]. Pilgrims with attitude scores of 80% and above were grouped as those with a good attitude, while pilgrims within the range of 60–79% are considered moderate and score below 59% are regarded as having an unacceptable attitude [21
]. For practice section, participants with scores >80% were classified as having acceptable preventive practice, while those with scores <80% were considered having unacceptable preventive practice [22
2.5. Ethics Approval and Consent to Participate
Ethical approval was obtained from the Human Research Ethics Committee of Universiti Sains Malaysia (ref no: USM/JEPeM/17020146) and Universiti Sultan Zainal Abidin (UniSZA) Human Research Ethics Committee (UHREC) (UniSZA/UHREC/2019/88) before this study. The questionnaire was designed to be anonymous, and informed consent was obtained from every respondent. The data were kept confidential and the results did not identify the respondents personally.
2.6. Data Analysis
Data entry and statistical analysis were performed using the Statistical Package for Social Sciences (SPSS) version 24.0 (SPSS, Inc., Chicago, IL, USA) and were presented by using mean and standard deviation. Categorical variables were presented by using frequency and percentage. Descriptive statistics were used to determine the socio-demographic factors and KAP scores. The KAP assessment was carried out by assigning scores to the variables. To assess the role of socio-demographic characteristics on KAP, differences in socio-demographic status were compared with the KAP scores using ANOVA or independent sample t-test as appropriate. Pearson correlation coefficient was used to describe the strength and direction of the relationship among knowledge, attitudes, and practices (KAP). Correlations were interpreted using the following criteria: 0–0.25 = weak correlation, 0.25–0.5 = fair correlation, 0.5–0.75 = good correlation and greater than 0.75 = excellent correlation [23
This current study, which is believed to be the first of its kind among Malaysian Hajj and Umrah pilgrims sought to assess their KAP towards prevention of RTI. Several studies have been documented to show the KAP of pilgrims from many countries towards the prevention of RTIs [15
]. However, data on the knowledge, attitudes, and preventive practices toward respiratory tract infections among Malaysian Hajj pilgrims are still lacking. With an increasing prevalence of respiratory tract infections among pilgrims during Hajj and Umrah, there is a critical need to gather essential data for effective control and preventive plans.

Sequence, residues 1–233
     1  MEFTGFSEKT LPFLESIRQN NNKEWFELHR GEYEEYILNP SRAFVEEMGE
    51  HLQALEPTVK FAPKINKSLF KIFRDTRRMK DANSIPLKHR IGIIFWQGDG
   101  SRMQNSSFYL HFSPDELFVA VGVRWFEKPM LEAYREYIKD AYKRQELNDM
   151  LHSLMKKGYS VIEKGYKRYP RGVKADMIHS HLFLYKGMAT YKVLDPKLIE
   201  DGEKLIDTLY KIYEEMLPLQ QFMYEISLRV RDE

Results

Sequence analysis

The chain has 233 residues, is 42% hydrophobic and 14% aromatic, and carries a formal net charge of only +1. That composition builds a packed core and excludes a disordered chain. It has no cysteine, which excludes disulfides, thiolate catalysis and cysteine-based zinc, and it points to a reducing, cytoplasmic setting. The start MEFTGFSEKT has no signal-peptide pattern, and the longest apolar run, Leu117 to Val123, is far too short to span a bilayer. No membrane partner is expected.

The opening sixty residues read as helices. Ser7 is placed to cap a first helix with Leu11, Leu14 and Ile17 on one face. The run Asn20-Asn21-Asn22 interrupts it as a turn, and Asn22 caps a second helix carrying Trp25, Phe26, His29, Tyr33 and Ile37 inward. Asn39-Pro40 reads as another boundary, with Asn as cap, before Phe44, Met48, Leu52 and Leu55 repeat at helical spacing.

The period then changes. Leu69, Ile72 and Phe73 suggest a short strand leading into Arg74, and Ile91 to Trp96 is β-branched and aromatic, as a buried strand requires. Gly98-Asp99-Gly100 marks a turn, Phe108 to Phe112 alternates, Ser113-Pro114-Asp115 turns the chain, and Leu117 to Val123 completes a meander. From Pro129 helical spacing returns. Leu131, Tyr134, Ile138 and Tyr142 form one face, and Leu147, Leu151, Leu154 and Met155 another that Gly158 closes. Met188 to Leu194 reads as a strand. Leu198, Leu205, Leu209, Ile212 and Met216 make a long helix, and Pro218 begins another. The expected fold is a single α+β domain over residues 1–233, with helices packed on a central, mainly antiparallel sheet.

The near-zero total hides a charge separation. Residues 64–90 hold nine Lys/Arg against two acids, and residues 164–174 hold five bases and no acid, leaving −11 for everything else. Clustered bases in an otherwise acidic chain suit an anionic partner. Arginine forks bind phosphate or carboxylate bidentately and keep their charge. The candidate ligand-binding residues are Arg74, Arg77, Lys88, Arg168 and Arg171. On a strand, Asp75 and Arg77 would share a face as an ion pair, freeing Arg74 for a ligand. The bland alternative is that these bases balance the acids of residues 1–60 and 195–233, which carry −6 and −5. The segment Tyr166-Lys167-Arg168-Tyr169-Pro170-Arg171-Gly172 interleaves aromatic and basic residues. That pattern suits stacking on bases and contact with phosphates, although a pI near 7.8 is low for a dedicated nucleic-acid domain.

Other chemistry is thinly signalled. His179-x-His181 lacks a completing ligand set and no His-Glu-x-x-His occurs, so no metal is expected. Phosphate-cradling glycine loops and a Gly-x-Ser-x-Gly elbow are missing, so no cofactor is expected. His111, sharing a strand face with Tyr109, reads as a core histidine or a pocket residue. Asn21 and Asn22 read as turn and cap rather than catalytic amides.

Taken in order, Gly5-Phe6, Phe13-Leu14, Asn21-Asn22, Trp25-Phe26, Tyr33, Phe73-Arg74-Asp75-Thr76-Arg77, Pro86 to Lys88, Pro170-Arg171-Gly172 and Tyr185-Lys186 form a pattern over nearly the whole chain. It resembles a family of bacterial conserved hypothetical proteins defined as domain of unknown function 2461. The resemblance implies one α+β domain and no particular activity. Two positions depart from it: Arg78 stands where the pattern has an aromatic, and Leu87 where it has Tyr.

Results of this study revealed a good KAP score (56.0%) among the study participants towards RTIs. The median knowledge score was 18.0 (6.0) which also indicates a good level of knowledge. These results corroborate the findings of a study conducted among American Hajj pilgrims [26
]. Only 20.0% of the participant believed that viruses do not cause RTI. A good percentage of respondents had good knowledge about the transmission of RTI. These results are in line with the findings from Tashani et al. [18
], where 58% of the pilgrims reported correct means of transmission. Contrary to the findings in this study about knowledge of RTIs, several studies reported a low level of knowledge about respiratory tract infections [15
]. The responses based on the transmission of RTIs through water is 39.1%, by sharing towels with an infected person is 51.6% and through the air is 85.3%. In addition, the high percentage related to knowledge demonstrates the consistency of theory-based approaches in changing human behavior through the information that is based on personal beliefs that could motivate or discourage behavior change towards better health [28
]. Based on the data gathered from the questions on the risk of RTI infection, 43.1%, 65.3%, and 28.9% of pilgrims were unaware of smokers, diabetic patients, and those in crowded places, respectively, being at risk of contracting the infection. This is very crucial as these pilgrims are at risk and the tendency to get RTIs could be high if the participants have any comorbidity.